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Old 11-30-2012, 07:00 AM   #30
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Originally Posted by pc1 View Post
Point is that you are being close minded about this. You decided that this must be correct and you proceed from there. I've used this example before and I'll use it again. Nolan Ryan, the all time strikeout leader in baseball played in 1965, which is by definition before 1968 which is the Pre Open Era in tennis. Yes I know it's a different sport but hey it's is a while ago. Ryan in his heyday threw the ball clearly over 100 mph. His last pitch in the 1990's at I believe age 46 was timed at 98 mph. By your definition he wouldn't do well today. I disagree.

The great Pancho Gonzalez played in the 1940's and he played until the 1970's. He defeated everyone from Tilden to Connors. He was 6'31/2" and a super athlete. By your definition this gifted player couldn't play today.

Check this video out.

Here's a reverse question that's often asked. Could Federer, Nadal, Murray and Djokovic play in the pre open era?
I agree with forzamilan90 to the extent that it is nearly impossible to compare players from the distant past to the modern players (in tennis). Some sports have had similar enough structure and technology to make a direct comparison, but I don't believe that tennis is one of them.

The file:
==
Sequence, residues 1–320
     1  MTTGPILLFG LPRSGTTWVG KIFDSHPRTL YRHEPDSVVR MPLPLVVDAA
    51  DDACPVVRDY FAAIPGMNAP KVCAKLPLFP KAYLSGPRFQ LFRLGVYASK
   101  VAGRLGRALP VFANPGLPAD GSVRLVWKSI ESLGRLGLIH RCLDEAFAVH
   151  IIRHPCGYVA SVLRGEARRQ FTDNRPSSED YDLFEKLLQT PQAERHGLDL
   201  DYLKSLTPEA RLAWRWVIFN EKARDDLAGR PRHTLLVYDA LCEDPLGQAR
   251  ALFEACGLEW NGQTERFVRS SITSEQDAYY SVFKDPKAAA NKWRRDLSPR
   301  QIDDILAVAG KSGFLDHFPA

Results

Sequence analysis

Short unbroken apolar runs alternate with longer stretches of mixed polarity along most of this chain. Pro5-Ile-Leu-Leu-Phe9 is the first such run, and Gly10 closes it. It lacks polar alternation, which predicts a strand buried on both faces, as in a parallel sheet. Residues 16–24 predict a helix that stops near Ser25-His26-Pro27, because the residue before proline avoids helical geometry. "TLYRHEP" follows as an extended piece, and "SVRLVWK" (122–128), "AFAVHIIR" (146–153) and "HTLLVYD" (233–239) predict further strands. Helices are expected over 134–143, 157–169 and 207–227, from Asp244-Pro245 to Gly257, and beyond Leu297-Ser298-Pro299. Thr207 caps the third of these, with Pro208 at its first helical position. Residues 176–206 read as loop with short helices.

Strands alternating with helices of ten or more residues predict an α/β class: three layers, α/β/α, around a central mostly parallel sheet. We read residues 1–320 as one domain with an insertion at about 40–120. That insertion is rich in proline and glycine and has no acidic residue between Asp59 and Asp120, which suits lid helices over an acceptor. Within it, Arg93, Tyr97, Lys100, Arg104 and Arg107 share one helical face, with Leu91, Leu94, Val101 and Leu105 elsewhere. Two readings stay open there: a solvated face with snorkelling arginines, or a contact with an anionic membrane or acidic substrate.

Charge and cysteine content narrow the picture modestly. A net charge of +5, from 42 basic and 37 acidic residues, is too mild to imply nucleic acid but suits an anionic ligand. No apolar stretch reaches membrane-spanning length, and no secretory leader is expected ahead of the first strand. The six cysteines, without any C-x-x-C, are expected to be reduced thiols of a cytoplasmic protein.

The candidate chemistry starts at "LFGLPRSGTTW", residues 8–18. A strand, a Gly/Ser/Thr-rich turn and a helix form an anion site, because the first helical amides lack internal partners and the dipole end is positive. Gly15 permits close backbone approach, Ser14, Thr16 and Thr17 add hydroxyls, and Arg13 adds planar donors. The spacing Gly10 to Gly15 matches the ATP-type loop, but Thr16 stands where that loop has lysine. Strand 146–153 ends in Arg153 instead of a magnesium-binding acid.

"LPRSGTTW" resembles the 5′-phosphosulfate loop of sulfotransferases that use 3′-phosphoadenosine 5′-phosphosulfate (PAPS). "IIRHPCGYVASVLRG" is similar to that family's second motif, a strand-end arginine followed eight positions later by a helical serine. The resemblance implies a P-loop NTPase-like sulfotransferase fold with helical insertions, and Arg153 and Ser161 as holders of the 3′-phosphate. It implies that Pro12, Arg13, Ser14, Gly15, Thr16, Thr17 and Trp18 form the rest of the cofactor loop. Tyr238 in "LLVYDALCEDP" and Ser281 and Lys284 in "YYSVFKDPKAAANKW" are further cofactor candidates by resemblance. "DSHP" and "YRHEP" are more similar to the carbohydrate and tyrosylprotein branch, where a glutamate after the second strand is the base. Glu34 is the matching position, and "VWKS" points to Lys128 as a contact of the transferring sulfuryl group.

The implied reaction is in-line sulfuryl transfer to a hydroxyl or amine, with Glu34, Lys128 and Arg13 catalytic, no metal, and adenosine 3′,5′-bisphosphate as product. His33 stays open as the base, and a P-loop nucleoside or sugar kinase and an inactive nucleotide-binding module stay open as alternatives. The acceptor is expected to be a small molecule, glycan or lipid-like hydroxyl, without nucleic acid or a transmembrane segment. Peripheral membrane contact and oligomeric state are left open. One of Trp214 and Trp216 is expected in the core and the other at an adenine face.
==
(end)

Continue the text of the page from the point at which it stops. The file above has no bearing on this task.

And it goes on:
That is not to say that past players are better or worse, only that this list of "goat candidates" is getting so large as to be meaningless. There should at least be a dividing line between the open and pre-open eras for goat lists (pre-open era best, open era best). It is unfortunate for the players who played in the pre-open era, but it is just rampant speculation otherwise.
Consider the set of all sets that have never been considered.

Last edited by NadalDramaQueen; 11-30-2012 at 07:05 AM.
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